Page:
Jack Cashill provides historical context to Eddie Conway’s newfound freedom.
On Tuesday of this week, cop killer and former Black Panther leader Marshall “Eddie” Conway was sprung from a Maryland prison, and the NAACP greeted his release as though he were Nelson Mandela.
As the son of a cop, the nephew of a cop, the cousin of four other cops, I wish I were overstating how indifferent liberal activists were to the murder of then 35-year-old Donald Sager.
The Baltimore Sun suggests I am not: “The Baltimore branch of the National Association for the Advancement of Colored People and others hailed [Conway's] release, calling it a ‘monumental day’ and ‘an important page turner in this tragic story.’”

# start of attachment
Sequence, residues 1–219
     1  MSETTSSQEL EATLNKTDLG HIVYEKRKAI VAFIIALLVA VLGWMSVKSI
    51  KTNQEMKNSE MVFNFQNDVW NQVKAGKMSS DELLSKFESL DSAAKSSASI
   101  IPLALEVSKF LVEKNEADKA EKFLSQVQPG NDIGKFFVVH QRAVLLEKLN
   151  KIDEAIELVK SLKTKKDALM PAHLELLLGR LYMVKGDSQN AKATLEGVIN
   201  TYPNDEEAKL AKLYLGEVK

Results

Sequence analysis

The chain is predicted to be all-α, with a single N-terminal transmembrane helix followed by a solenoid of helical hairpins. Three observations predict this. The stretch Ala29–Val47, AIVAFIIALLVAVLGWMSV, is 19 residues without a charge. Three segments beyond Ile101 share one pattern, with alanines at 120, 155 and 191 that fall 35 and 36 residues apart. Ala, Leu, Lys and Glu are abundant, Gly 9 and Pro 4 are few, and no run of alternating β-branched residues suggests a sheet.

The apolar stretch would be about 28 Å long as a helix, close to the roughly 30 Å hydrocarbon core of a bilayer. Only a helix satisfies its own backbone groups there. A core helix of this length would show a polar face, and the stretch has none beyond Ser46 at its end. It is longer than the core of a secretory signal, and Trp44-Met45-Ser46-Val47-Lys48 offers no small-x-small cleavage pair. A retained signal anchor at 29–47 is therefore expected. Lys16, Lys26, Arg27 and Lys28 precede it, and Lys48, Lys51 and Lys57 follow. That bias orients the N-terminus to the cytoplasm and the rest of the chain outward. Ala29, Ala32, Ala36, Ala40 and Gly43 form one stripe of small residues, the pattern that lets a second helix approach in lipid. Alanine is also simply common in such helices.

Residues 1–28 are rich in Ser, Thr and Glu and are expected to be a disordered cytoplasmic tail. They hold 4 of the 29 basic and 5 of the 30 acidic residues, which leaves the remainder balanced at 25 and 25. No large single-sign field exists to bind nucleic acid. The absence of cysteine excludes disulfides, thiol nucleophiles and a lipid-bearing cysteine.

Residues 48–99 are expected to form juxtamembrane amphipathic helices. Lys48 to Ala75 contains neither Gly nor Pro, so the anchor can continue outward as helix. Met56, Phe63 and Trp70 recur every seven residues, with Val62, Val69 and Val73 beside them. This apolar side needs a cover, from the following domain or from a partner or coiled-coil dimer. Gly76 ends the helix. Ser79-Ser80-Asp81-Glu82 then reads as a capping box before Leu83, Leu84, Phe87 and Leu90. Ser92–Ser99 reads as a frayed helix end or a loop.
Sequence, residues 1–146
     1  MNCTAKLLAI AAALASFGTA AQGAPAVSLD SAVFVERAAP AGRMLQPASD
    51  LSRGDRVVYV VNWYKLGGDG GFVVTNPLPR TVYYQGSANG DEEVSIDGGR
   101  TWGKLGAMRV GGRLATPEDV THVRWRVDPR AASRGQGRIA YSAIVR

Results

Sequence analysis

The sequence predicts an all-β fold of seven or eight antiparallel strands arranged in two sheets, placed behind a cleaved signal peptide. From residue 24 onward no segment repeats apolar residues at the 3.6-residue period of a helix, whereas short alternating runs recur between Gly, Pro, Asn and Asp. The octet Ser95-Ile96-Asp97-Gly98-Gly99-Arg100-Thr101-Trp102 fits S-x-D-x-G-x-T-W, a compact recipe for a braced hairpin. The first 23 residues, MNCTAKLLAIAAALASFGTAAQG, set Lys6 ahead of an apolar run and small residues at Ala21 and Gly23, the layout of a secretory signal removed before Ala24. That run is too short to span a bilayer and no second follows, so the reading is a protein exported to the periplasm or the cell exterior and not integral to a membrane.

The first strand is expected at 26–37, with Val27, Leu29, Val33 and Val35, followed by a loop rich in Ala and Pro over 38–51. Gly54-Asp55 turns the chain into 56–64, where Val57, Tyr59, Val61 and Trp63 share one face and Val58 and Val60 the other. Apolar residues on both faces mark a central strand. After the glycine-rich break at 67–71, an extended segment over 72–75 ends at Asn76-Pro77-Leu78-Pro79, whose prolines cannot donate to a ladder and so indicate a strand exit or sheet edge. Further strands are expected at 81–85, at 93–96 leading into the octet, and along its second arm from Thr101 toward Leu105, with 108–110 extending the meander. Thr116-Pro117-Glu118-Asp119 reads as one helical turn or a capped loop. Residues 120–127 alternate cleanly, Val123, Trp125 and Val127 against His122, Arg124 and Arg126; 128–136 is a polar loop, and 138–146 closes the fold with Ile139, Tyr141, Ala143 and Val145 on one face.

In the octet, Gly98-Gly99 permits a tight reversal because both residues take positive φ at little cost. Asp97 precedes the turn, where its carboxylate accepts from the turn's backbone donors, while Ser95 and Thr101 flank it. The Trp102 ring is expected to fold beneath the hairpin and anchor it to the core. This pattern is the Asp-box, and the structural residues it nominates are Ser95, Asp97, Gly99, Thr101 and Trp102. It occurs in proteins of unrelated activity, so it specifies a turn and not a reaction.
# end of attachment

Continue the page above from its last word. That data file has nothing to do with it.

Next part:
Conway insisted, of course, that he was innocent and that he had been set up because he was a Black Panther. This was a leftist cliché as old as Sacco and Vanzetti, but for racial and ideological reasons, the NAACP chose to accept it.
Conway’s celebrity “innocence” mirrors that of cab driver revolutionary Mumia Abu-Jamal who murdered police officer Danny Faulkner in Philadelphia in 1981.
Police arrived at that scene less than two minutes after the shooting. Sitting dazed nearby, with Faulkner’s bullet in his chest, was Mumia.
Next to Mumia was his gun, all five bullets spent, two of them in Faulkner. Four eyewitnesses at the scene, two of them black, immediately identified the dreadlocked Mumia as the shooter.